Week 5 of the 2014 Session

Week 5 of the 2014 Session

The legislature worked two days this week in name only.  Monday was a regular day with a full slate of committee hearings.  On Tuesday, the House Appropriations Committee met to pass the FY 2015 budget.  The legislature met briefly and then headed home.  With the expected Winter Jam Pax coming, only essential work was done like the budget.  Non-essential issues were left pending.  Numerous committee hearings were put off until next week.  Last week, we said the first snowstorm was in the rear view mirror.  Well that was so true

, as the news of the pending storm came, the state leaders were determined not to repeat the jammed highways of two weeks ago.  Many state workers were sent home and schools canceled well in advance of any frozen rain or snow, but no road problems occurred.  Today is the first day of state government being fully operational, and the legislature will return on Monday. The legislative session is past the halfway mark and the pace of bill consideration will quicken.  We will stay fully engaged and keep you updated.  Please let us know if you have questions.  (Please note:  there is an American Chemistry Council update below the Georgia Legislative section.)

Georgia Legislation:

SB 333 – Our bill in the Senate to restore appeal rights under HSRA is currently waiting to be considered by the Senate Natural Resources and the Environment committee. The bill should have gone before the committee on Tuesday, but the ice storm put much of the legislative agenda this week on hold. Hopefully, the bill will be considered before the committee at its next meeting.

HB 904 – The House version of our bill to restore appeal rights under HSRA passed favorably from House Resource Management Subcommittee of the Natural Resources and Environment Committee on Monday. We will continue to push the legislation to ensure Georgia businesses have the appeal rights they deserve.

HR 1158 & HR 1159 – These two resolutions, whose progress was also derailed by the inclement weather this week, encourage the EPA to consult the states in determining emissions standards for coal-fueled electric generating units. The House Interstate Cooperation committee favorably reported on both resolutions Thursday, Feb 6 and they should move to the full House shortly.

HB 741 – On Feb 10, the House voted overwhelmingly in favor of this legislation intended to provide local control and input when the EPD is reviewing an application for a sludge land application permit. The bill has since been introduced in the Senate and referred to the Senate Natural Resources and the Environment committee for further review.  GCC initially had some concerns with the bill, but now, we do not think it will have any negative impact on facility operated water treatment plants.

HB 900 – This piece of tax code legislation would include items deemed “consumable supplies” under the sales tax exemption for manufacturing. The bill is pending in the Ways & Means Sales Tax Subcommittee on Monday and is waiting for a canceled hearing to be rescheduled. We continue to support this bill and are actively engaging on its passage.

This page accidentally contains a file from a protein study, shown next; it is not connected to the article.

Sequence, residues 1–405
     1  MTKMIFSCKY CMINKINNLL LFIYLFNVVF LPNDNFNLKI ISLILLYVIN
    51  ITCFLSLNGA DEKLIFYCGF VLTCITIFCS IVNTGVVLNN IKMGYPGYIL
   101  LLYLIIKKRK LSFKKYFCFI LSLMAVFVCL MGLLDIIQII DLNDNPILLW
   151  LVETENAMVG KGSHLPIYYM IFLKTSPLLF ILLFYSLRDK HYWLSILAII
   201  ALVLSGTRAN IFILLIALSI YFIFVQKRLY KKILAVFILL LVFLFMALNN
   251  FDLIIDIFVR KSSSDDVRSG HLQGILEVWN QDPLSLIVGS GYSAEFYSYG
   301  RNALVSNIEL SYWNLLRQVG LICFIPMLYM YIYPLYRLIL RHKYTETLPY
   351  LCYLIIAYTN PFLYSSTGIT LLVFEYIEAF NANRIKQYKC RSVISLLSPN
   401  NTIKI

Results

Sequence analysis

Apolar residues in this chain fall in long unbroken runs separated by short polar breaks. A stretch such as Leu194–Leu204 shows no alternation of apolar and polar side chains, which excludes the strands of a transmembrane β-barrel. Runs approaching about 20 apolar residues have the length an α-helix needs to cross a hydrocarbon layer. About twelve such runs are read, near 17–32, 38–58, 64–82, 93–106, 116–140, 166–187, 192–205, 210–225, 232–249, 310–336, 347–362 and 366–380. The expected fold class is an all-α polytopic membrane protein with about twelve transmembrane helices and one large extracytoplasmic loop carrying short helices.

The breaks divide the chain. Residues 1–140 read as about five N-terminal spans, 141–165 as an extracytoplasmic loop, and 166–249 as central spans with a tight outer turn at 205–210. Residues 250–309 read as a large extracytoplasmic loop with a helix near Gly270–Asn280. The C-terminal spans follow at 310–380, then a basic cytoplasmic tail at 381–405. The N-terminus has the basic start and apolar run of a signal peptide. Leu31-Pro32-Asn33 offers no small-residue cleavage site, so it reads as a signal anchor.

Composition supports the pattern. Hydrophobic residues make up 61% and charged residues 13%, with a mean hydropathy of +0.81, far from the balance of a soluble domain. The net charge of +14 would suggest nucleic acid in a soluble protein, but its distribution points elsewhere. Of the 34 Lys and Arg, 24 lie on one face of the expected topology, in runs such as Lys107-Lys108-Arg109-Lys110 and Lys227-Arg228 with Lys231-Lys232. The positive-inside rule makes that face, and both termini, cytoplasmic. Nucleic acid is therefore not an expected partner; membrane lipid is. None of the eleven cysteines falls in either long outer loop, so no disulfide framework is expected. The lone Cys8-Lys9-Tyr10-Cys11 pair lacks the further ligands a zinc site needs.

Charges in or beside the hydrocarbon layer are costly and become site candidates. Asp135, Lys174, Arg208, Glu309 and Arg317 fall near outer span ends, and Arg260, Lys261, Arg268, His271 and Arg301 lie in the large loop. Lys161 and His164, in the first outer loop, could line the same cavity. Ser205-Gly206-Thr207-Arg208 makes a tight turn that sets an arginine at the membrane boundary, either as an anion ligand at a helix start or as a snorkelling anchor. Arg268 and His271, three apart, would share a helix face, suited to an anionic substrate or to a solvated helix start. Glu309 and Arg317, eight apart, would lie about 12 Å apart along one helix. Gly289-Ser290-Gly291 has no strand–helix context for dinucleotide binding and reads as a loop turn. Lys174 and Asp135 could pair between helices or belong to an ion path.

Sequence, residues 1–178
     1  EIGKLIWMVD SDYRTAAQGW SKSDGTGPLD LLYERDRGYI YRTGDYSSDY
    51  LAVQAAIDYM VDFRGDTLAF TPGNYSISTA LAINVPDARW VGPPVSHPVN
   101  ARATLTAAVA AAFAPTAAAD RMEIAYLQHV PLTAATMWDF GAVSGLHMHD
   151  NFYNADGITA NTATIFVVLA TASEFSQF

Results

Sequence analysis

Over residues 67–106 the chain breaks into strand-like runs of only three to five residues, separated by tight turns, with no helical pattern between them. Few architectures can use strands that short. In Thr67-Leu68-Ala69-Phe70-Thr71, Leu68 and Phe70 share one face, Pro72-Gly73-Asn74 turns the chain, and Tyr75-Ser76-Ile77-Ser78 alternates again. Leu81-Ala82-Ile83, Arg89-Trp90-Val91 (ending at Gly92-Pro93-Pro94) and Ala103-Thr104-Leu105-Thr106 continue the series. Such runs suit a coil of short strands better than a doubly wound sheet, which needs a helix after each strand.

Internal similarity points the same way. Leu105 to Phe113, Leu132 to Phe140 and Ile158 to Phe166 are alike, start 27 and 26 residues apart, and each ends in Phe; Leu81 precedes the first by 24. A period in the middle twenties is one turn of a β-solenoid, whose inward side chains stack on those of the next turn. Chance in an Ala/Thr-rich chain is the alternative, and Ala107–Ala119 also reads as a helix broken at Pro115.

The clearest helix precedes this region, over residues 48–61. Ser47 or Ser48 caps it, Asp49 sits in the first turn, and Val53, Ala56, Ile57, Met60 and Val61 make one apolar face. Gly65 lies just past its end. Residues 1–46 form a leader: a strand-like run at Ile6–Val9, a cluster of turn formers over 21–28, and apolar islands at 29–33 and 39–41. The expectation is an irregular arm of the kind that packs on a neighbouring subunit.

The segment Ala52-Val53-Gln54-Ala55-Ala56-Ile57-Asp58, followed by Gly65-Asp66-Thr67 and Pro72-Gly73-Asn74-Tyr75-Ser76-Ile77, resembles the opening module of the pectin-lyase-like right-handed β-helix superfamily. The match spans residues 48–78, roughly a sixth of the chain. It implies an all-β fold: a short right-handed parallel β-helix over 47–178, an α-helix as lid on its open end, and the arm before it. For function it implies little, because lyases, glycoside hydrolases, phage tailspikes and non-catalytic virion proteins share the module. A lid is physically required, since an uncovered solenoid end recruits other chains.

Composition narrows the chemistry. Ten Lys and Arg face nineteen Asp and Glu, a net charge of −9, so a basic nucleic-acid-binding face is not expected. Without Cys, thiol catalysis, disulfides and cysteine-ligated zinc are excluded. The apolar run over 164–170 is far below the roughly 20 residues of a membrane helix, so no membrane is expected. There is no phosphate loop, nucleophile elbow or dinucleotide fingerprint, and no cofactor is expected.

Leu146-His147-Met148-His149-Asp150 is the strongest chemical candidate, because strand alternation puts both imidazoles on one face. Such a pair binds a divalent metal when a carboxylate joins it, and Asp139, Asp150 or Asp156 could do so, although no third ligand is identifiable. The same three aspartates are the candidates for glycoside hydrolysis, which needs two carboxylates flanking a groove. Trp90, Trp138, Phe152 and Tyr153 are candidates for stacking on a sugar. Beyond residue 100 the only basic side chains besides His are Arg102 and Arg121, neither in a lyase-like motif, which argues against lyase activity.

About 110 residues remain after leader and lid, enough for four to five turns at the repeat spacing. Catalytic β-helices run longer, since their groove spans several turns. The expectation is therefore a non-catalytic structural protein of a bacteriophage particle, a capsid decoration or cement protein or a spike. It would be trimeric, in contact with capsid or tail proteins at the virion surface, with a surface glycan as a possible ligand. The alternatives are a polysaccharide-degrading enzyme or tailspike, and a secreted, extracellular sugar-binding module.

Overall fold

SB 299 – Introduced on Jan 21, 2014, SB 299 allows local governments flexibility in watershed protection standards. It is currently in the Senate Natural Resources and the Environment Committee.  GCC is reviewing the bill to determine any impacts on our plants.

HB 809 – This legislation outlines new restrictions and standards on patent holders attempting to remand individuals who are perceived to be violating the patent holder’s intellectual property rights. The bill passed the House on Feb 6, was introduced in the Senate the following day and was referred to the Senate Banks & Banking Committee.

News from the American Chemistry Council:

  • State of the Union
    • In a sound affirmation of the effectiveness of ACC’s energy advocacy and messaging, President Obama’s January 28th State of the Union address acknowledged the profound opportunities available to our industry enabled by shale gas development.
    • The President spoke about the role that natural gas is playing by putting people back to work, driving capital investment – including more than $100 billion by our industry – and restoring our country’s global manufacturing competitiveness.
    • He also committed to cutting red-tape to ease the permitting of new manufacturing plants while enhancing the nation’s energy infrastructure. Capitalizing on these commitments will be a key part of our strategy throughout 2014.
  • SAFETY Act Designation
    • In a late-breaking and significant victory for ACC and our members, the Department of Homeland Security (DHS) on January 29th renewed the SAFETY Act designation for the Responsible Care® Security Code. The designation recognizes the Code as a Qualified Anti-Terrorism Technology and provides ACC members and Responsible Care Partners that have implemented the Code and the Responsible Care Management System® with certain liability protections for damages that occur as a result of a terrorist attack.
    • The Security Code predates federal security regulations and has served as a model for subsequent regulatory action under the DHS Chemical Facility Anti-Terrorism Standards (CFATS) program. The designation was first granted in January 2009 in the final days of the Bush Administration for a five-year period. By showcasing the effectiveness of the Code’s thirteen rigorous management practices and DHS’s own reliance on other elements of Responsible Care, ACC demonstrated how the Code continues to satisfy the criteria set forth in the SAFETY Act . The five year renewal is effective through January 2019.

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